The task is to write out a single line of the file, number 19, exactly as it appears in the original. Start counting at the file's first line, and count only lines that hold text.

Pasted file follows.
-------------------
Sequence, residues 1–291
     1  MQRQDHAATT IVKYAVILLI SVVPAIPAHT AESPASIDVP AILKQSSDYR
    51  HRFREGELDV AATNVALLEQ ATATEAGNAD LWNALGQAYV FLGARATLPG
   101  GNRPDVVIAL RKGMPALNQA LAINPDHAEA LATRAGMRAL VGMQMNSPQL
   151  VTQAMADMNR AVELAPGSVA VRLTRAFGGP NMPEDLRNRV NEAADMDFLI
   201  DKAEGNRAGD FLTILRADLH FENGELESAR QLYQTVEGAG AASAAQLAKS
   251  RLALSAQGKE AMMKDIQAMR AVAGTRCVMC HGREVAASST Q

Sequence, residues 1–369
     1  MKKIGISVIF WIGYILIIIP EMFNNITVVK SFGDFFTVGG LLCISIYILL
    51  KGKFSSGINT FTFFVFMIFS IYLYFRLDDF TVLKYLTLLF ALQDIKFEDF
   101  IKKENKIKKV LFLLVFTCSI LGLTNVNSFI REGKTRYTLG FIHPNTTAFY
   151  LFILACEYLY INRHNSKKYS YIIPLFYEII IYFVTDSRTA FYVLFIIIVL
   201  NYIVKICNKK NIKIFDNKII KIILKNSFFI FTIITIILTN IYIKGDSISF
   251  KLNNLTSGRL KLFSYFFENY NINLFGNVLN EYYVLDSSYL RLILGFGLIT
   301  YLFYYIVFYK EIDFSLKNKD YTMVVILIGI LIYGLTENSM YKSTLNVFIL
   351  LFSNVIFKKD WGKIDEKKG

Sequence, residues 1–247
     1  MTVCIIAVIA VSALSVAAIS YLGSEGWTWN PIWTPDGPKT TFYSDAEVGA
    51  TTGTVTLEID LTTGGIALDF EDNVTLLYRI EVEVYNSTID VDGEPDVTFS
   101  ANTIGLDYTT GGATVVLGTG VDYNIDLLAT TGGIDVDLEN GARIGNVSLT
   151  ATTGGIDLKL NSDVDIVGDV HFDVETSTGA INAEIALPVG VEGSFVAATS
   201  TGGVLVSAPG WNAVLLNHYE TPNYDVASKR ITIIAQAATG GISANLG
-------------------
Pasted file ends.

    51  TTGTVTLEID LTTGGIALDF EDNVTLLYRI EVEVYNSTID VDGEPDVTFS